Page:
Baby T. johnstonii!!!

So I came home from the reptile super show today in San Diego and came straight to the incubator, opened the container up and there were 5 beautiful baby johnston's. There were 12 eggs total and all the others look great still with a couple others with their eggs slit.
Here are some crappy pics of them lol. Enjoy!









 

ponders

Chameleon Enthusiast
OMG congrats Paul! What a nice surprise to come home to!

I think I see mine right there, that little green girl! :D
 

Rango3d

Avid Member
You learn something new every day. I thought they had live birth not eggs.
Awesome!:D
Put me on the list for 1.
I have wanted 1 for some time now.
 
Congrats! I love that species. Back in the late 80s to early 90s, I had quite a few clutches. I always had a good hatch rate. I wasn't successful raising any of them to adulthood though because their high sensitivity to vitamins, especially D3, wasn't fully realized.

I remember raising houseflies for them. At first, the babies did fine. Then I made the mistake of using powdered milk as part of the mix to feed the fly larvae. Big mistake! Even without using powdered supplements on the flies, the babies quickly developed edemas. I have little doubt that the D3 in the powdered milk was responsible. Feeding non-supplemented commercially bred crickets produced the same poor results. I highly suspect that the feed the suppliers used to raise their crickets had high levels of D3. Thankfully, good info on the dangers of D3 (and other fat soluble vitamins) is readily available today.

I'd love to give T. johnstonii a try again. I suspect I would do better with them now. My first pair of adults I ever had developed edemas, and I quickly figured out (pre-internet days) that stopping the dusting of the insects had positive results, at least for the adults. Unfortunately, I became too focused on pre-formed A due to the article by John Annis is the Chameleon Information Network newsletter. To his credit though, John mentioned D3 as a possible cause, but to my knowledge, a follow-up study on D3 wasn't conducted by him and the veterinarian he worked with in the vitamin A study.

In any case, little did I know that, in my experiences, the main culprit of organ malfunction/damage resulting in edema was too much D3 in the foods that were being fed to my feeders. I easily avoided edemas in other adults I purchased (mainly by limiting or eliminating the use powdered supplements), but the babies were more sensitive. I look forward to seeing everyone's progress in raising the babies. Good luck in raising the babies! Hopefully, I'll be able to afford some in the future. I remember buying johnstonii for only $50 a piece. As a teenager, especially, I thought that was a lot of money back then. :)
 

Action Jackson

Chameleon Enthusiast
Congrats! I love that species. Back in the late 80s to early 90s, I had quite a few clutches. I always had a good hatch rate. I wasn't successful raising any of them to adulthood though because their high sensitivity to vitamins, especially D3, wasn't fully realized.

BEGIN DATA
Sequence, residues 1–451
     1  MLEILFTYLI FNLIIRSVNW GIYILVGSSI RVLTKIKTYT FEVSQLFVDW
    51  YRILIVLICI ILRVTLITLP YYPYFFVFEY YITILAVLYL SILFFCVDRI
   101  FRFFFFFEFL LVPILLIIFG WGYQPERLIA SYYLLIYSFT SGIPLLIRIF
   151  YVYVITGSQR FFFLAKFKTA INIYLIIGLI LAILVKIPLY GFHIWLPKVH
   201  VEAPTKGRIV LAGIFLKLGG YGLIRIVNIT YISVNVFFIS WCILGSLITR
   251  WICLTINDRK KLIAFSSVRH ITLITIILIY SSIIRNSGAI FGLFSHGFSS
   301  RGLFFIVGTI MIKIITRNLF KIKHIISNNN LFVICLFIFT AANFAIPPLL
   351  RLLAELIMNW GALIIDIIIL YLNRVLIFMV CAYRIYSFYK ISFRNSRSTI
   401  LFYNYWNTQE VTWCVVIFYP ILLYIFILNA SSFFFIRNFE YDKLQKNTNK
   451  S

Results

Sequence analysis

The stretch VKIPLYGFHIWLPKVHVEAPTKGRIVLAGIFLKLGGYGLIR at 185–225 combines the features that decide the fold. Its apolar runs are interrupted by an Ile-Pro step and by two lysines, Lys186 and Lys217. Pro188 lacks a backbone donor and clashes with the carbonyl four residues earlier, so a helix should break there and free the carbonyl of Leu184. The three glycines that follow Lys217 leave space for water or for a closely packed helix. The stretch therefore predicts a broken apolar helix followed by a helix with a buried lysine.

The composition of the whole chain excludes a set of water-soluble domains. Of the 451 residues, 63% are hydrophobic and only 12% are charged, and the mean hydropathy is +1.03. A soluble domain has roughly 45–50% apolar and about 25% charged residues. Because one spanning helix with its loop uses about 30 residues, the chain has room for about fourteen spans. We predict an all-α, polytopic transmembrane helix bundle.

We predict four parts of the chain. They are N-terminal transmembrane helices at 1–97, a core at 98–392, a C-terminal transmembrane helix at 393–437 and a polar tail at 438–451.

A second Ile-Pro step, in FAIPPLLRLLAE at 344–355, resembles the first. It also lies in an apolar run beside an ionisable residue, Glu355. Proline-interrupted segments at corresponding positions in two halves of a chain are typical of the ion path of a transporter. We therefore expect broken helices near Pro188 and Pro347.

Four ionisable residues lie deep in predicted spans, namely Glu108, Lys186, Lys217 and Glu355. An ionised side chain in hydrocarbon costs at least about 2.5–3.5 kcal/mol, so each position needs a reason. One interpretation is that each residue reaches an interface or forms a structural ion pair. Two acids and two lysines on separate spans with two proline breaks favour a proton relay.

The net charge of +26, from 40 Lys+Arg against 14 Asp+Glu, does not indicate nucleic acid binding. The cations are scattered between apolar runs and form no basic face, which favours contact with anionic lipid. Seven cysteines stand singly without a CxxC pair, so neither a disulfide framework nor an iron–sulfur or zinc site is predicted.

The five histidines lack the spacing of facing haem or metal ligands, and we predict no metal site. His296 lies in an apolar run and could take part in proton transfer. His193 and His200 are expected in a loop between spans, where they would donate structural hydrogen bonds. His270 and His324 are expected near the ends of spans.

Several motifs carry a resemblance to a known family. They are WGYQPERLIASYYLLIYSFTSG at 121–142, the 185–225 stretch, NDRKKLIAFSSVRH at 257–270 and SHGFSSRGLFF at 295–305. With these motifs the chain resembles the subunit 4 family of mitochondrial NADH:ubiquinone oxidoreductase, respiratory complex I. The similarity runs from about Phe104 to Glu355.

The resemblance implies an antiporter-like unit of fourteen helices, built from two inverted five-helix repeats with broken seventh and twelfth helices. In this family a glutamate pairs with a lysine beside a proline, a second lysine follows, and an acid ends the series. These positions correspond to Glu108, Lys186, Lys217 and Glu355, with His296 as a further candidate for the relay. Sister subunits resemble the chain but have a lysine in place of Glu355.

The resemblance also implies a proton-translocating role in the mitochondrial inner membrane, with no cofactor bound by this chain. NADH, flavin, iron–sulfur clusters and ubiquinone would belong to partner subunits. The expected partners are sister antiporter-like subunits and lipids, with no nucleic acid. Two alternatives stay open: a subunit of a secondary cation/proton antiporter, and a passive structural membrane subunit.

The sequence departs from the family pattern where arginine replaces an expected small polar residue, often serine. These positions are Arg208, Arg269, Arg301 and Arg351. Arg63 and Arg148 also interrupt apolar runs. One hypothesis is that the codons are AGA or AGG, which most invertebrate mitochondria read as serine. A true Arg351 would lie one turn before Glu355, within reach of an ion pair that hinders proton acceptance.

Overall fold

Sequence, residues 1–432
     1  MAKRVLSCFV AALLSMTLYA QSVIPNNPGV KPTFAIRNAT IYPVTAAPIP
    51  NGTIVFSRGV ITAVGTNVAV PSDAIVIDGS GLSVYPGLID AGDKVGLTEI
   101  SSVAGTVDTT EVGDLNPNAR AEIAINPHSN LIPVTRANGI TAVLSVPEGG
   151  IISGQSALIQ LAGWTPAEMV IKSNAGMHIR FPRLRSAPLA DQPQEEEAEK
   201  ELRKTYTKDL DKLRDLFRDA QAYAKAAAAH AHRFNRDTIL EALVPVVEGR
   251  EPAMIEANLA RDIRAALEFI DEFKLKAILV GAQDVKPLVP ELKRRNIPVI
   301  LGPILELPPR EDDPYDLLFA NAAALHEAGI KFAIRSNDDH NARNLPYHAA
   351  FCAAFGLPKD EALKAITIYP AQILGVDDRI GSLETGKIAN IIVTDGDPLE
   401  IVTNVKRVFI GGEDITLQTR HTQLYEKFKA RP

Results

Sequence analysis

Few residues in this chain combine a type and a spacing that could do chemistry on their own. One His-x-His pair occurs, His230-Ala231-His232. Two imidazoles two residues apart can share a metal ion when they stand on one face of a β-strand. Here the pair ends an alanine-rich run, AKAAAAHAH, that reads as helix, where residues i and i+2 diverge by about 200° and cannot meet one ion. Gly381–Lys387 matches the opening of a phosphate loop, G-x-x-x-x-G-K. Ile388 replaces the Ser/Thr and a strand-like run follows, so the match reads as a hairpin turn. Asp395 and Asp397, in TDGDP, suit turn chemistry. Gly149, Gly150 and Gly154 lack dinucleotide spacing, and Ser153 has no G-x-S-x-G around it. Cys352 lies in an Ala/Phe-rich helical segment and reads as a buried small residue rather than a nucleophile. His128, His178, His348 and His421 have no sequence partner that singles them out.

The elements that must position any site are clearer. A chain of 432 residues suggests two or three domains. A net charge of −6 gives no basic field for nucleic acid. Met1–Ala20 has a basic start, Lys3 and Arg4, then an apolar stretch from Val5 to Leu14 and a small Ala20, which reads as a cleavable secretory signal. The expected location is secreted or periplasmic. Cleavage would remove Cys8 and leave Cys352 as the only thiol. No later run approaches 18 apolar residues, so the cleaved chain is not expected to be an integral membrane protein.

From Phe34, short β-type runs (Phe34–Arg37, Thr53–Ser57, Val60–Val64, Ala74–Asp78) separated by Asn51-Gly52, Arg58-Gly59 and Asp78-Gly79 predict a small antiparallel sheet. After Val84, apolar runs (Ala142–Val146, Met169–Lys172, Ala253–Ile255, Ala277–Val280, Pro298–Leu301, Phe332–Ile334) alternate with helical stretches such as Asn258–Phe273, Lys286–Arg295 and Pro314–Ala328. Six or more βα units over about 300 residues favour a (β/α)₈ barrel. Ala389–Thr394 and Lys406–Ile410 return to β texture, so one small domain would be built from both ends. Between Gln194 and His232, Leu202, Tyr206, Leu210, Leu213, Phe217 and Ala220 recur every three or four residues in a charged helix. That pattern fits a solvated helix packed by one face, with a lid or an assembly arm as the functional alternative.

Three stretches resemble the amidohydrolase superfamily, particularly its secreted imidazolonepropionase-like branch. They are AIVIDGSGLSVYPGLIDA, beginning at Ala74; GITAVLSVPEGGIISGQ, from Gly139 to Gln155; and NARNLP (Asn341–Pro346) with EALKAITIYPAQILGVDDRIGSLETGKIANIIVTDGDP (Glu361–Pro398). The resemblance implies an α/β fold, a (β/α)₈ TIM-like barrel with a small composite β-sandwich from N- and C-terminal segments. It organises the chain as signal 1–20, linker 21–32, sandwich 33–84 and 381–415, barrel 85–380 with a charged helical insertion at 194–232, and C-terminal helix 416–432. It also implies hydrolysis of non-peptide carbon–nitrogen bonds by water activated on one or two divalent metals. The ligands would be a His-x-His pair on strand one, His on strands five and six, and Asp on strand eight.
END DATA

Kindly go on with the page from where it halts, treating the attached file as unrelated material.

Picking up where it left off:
I remember raising houseflies for them. At first, the babies did fine. Then I made the mistake of using powdered milk as part of the mix to feed the fly larvae. Big mistake! Even without using powdered supplements on the flies, the babies quickly developed edemas. I have little doubt that the D3 in the powdered milk was responsible. Feeding non-supplemented commercially bred crickets produced the same poor results. I highly suspect that the feed the suppliers used to raise their crickets had high levels of D3. Thankfully, good info on the dangers of D3 (and other fat soluble vitamins) is readily available today.

I'd love to give T. johnstonii a try again. I suspect I would do better with them now. My first pair of adults I ever had developed edemas, and I quickly figured out (pre-internet days) that stopping the dusting of the insects had positive results, at least for the adults. Unfortunately, I became too focused on pre-formed A due to the article by John Annis is the Chameleon Information Network newsletter. To his credit though, John mentioned D3 as a possible cause, but to my knowledge, a follow-up study on D3 wasn't conducted by him and the veterinarian he worked with in the vitamin A study.

In any case, little did I know that, in my experiences, the main culprit of organ malfunction/damage resulting in edema was too much D3 in the foods that were being fed to my feeders. I easily avoided edemas in other adults I purchased (mainly by limiting or eliminating the use powdered supplements), but the babies were more sensitive. I look forward to seeing everyone's progress in raising the babies. Good luck in raising the babies! Hopefully, I'll be able to afford some in the future. I remember buying johnstonii for only $50 a piece. As a teenager, especially, I thought that was a lot of money back then. :)
Thanks for all that good information. My adult females have some edema and I suspect it's from feeding crickets fresh from my supplier. I will definately keep what you said in mind when my babies hatch.
 

Motherlode Chameleon

Chameleon Enthusiast
Paul

Great news! Long awaited neonates from a long awaited import! With a couple fingers crossed some more clutches can hatch out and some captive bred lines could become established with the existing wild caughts.

Best Regards
Jeremy A. Rich
 
Thanks you guys! so 12 out of 12 hatched but one died shortly after. The one that died was the last to hatch, so Im assuming it used every ounce of energy it had to get completely out of the egg. It was perfectly formed though and looked just like the rest. Im pretty bummed about it.

Here are a couple more pics I took of a couple of them (some have attitude already and puff up and gape!)






I post most of my cham pics on Instagram (showjet95) fyi for anyone that enjoys pics of cool chams and dart frogs:)
 
Top Bottom